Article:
Professional Wrestling is More Real than Politics
“The whole aim of practical politics is to keep the populace alarmed (and hence clamorous to be led to safety) by menacing it with an endless series of hobgoblins, all of them imaginary.” H.L. Mencken
Professional wrestling has more reality and truth than politics in Congress. There, I said it.
In the early 2000s, I was involved with one of the larger professional wrestling organizations in the US. No, I didn’t wrestle, but I did sub for a sick referee a few times. My work was “backstage,” interviewing wrestlers and writing content for websites. As a referee, my job was to keep track of the match time, signal the go home moment, and be a foil for the audience with my reactions to moves. These guys and gals worked together out of view of the camera. They would put the match together, plan big moves, and anticipate reactions. In front of the camera they opposed each other. Behind the camera they were often closer than most colleagues in a 9-5 office job.
In 2018, I had the chance to work in the US Senate as an Economics Fellow. Through this experience, I saw politics when the cameras were off and when they were on. I sat in televised committee hearings behind the dais and at conference tables untelevised.
Both politics and professional wrestling share theatre in common. Both attempt to ‘rile up’ the fans, get folks to believe what they see is real. To get the audience to dole out hard cash to signal allegiance, whether it be to Dwayne Johnson (R-Rock) or Dwayne Johnson (R-CA). Don’t be fooled, both ‘work’ their audience.
Consider some of what I saw and heard in my time on the Hill…
- For televised hearings, staffers of the same party work together to plan questions to maximize political benefits. In other words, a senator with many military bases in their state will almost always ask the military funding questions. In contrast, a senator with few military bases will not. Promos, when a wrestler talks to the audience, are far less scripted today than most political speeches and interviews. The very best talkers in wrestling talk for 5 minutes with 3 bullet points.
- In non-televised subcommittee hearings, senators from both parties listen and respond to expert testimony. Discussion is robust and focuses on fact finding and seriousness. However, several weeks later in a televised committee meeting, these same senators act different. There, they ask non substantive or “gotcha” questions to score political points. Contrast this to the work wrestlers do when making promos; they clear what they think they want to say with their feuding opponent. Eddie Kingston said “When I speak, if its about me its a shoot (the truth) but if its about my opponent its a work (fabrication, lie, embellishment).”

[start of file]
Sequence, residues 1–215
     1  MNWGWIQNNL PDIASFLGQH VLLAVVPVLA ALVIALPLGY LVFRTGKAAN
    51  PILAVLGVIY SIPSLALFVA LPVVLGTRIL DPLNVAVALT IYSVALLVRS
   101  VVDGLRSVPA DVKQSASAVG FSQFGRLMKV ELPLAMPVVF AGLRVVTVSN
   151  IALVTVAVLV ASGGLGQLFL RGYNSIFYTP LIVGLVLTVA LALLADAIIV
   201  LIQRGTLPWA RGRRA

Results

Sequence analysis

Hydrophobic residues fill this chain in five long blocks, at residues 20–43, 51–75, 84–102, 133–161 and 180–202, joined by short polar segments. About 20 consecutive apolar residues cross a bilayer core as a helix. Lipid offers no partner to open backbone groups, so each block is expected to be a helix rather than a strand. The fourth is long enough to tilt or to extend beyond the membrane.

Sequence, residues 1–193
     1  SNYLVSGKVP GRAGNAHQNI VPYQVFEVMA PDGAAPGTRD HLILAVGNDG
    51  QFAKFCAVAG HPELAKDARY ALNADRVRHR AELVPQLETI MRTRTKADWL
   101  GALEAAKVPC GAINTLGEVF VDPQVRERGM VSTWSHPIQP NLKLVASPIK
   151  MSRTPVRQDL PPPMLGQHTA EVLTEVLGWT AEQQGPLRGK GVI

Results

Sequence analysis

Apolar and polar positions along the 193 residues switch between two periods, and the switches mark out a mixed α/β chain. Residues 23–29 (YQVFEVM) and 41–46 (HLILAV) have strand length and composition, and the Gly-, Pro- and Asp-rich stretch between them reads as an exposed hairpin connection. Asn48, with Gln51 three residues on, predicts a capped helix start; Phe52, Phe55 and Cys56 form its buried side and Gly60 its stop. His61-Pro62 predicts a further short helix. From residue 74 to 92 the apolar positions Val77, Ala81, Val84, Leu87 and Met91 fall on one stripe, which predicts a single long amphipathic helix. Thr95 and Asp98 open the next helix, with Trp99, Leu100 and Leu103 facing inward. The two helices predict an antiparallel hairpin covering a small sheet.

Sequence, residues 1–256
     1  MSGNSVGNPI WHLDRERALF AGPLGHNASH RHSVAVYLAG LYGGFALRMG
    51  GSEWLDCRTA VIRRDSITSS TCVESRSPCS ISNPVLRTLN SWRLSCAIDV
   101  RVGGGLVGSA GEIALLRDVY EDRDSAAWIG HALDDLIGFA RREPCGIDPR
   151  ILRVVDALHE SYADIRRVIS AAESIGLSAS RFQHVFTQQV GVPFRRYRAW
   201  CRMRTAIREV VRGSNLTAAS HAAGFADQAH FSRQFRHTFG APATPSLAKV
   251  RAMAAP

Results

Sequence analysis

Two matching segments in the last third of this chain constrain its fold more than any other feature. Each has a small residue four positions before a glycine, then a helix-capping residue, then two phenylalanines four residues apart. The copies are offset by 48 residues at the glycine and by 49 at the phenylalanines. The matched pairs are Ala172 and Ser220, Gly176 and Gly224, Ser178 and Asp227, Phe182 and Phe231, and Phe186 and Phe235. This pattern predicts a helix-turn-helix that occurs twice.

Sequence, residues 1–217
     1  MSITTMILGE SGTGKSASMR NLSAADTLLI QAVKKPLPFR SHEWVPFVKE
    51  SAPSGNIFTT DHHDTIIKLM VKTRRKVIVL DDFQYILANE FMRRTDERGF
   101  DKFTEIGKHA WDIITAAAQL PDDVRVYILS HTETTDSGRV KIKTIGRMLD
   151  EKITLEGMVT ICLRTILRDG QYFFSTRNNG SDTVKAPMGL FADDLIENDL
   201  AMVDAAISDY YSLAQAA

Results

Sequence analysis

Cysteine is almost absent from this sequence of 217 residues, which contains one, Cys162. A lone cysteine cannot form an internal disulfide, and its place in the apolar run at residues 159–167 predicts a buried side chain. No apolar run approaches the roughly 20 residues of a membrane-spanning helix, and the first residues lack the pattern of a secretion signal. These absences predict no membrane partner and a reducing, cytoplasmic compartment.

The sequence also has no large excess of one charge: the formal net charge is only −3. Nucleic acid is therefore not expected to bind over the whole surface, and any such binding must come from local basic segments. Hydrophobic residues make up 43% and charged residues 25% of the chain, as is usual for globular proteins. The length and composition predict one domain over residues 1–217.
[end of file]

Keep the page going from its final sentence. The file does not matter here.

- In the rotunda, watching two senators (neither whom I worked for) from different parties discussing amendments and bills in a friendly manner, before heading to their respective TV interviews in that rotunda to harshly critique each other’s positions. This is not unlike the work the heel (bad guy) and face (good guy) wrestlers do in planning out matches in the locker room and before the fans arrive.
- After a few months of helping to prepare questions for senators to ask in Committee, it was obvious that questions were doled out in accordance to (a) senator’s constituent composition, (b) political needs, (c) rank. The same is true in professional wrestling; screen time and focus depends on where stories are and what is capturing the fan interest.
And that’s the bottom line…
These are just a few examples of what politics is when the cameras are rolling and when they are not. The outward fights within a political party (say, Manchin and AOC) are often obfuscating their true intent. These public fights serve to shore up each other’s constituencies. Privately, behind closed doors, they’re working together. Public actions serve to provide cover to vulnerable members and drive up fundraising. This is not that different from promos the CM Punk Pipe Bomb promo driving t-shirt sales.
Unlike in politics, professional wrestling is predetermined, the winner and loser are known but how they get there is up to the wrestlers. But voting is more predetermined in politics than the casual observer might think. Leaders will only schedule votes that win. Because of this, moments like John McCain’s thumbs down are so rare (and feel so truthful).
So, the next time a YouTube clip or news segment gets your blood boiling and your PayPal donation finger itching, pause. Odds are, you’re being worked by a politician just as much as a professional wrestler does. At least Eddie Kingston is honest about it. And to me, nothing is more real than an Eddie Kingston backstage speech(starts at 3:45)